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I have already asked a question but I wanted to ask it in another way with another question. Is that possible call a method 10 times in asynchronous mode without specifying a return value. I am doing everything in a single page. I do not need to visit any other page. I have got a set of operation, each operation should wait for the previous one.

like this:

$.get('myhtmlpage.html', function(){
    myCallBack(param1, param2);

or like this:

function translate(i) {
    google.language.translate(testua, languages[i], languages[i+1], function(result) {
        if (result.translation) {
            text = result.translation;
            f.textarea1.value = text;
            if (i < translationNumber) { translate(i++); }

I believe these are telling me something but I need to see a sample..

or suggest me sth please.

A sample code would be great!

thanks.. regards..

share|improve this question
have you specified "myCallBack"? I'm not sure i understand. What do you get back when you hit myhtmlpage.html via $.get? – Oscar Godson Oct 29 '10 at 2:53
Its not completely clear what youre trying to do here. Is translate supposed to be your call back, or is it something thats called from within myCallback? How do you need to call it multiple times - is it translate you need to call n times, or $.get? – prodigitalson Oct 29 '10 at 2:54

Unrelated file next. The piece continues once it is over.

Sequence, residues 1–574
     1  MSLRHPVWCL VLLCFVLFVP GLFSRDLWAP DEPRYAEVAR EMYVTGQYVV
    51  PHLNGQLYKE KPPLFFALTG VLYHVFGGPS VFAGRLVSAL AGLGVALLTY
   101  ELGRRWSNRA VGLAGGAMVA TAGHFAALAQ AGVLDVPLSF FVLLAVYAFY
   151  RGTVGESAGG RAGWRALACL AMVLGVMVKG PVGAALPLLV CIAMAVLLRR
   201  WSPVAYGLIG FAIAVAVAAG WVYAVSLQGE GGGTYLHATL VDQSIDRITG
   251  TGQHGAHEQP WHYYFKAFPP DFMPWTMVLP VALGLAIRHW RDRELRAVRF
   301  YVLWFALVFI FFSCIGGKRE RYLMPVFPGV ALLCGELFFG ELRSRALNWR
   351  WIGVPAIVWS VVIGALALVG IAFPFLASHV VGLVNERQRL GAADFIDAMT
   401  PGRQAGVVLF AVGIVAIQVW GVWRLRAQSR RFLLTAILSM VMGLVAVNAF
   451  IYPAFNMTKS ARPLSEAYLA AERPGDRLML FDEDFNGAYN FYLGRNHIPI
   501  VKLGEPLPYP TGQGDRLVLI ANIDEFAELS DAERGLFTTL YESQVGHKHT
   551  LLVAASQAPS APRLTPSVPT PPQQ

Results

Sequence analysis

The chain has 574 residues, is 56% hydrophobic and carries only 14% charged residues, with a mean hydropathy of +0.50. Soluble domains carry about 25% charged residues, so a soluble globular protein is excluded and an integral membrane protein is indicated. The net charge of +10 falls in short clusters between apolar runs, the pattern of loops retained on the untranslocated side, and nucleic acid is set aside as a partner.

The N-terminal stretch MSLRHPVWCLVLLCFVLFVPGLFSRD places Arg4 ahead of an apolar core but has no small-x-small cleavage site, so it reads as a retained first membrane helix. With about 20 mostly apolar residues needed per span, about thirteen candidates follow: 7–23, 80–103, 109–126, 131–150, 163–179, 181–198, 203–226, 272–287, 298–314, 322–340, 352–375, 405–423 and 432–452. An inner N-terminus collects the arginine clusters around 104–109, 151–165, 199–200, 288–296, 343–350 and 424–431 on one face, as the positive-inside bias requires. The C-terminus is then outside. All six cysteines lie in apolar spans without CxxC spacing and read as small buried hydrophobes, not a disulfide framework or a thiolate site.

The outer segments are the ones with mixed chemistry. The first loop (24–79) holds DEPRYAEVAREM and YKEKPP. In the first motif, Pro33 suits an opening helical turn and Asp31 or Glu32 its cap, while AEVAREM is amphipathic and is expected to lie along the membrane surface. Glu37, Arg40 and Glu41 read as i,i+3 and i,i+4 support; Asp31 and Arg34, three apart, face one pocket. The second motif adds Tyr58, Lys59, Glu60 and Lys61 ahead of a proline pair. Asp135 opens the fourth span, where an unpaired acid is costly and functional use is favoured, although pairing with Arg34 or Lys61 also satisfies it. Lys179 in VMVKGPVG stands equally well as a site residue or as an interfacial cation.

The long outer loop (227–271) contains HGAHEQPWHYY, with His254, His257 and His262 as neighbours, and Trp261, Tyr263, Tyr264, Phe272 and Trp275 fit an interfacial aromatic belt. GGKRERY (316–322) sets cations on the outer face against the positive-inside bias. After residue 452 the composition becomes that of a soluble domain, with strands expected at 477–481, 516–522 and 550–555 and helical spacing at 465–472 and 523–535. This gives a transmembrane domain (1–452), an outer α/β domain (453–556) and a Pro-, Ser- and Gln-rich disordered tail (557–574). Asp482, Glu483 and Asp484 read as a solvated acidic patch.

I just need a piece of sample code that tells me how to call a function asynchronously guys. The codes in the question are the sample codes, not my own code. Put it this way: you are looping from 1 to 10. 2 will wait for 1 , 3 will wait for 2 and so forth. However, in my code, each process running takes much longer. Each one should wait for each other. Is it clear now? BTW: Thanks so much for replying.Ozlem. – Ozlem Oct 29 '10 at 3:08
I think what you would want is an observer pattern. This would set your code up so that when one event happens you can execute the next.… – Todd Baur Feb 8 '12 at 4:53

I think you may be misunderstanding how JavaScript works. In JavaScript you only have one thread, which means that you can't call any functions asynchronously execpt when you do AJAX-style calls.

The short answer is, you can't call methods asynchronously.

share|improve this answer
maybe my explanation is wrong. I just need to call a function for each element of an array and I want them to wait for each other.for example, you have got an array which count from 1 to 10. 2 will wait for 1 , 3 will wait for 2 and so forth. However, the cost of each process (each element of my array) is much more costly in terms of time, a few seconds for each maybe more.That's why I need this. Now can you help me over this explanation? – Ozlem Oct 29 '10 at 6:24
I'm afraid the answer is still that Javascript can't do it. You could do: function_1(); function_2(); function_3(); But you can't make JavaScript run them in parallel within a browser. The only exception is if function_1() or function_2() makes an AJAX call. – Horatio Alderaan Nov 1 '10 at 1:02

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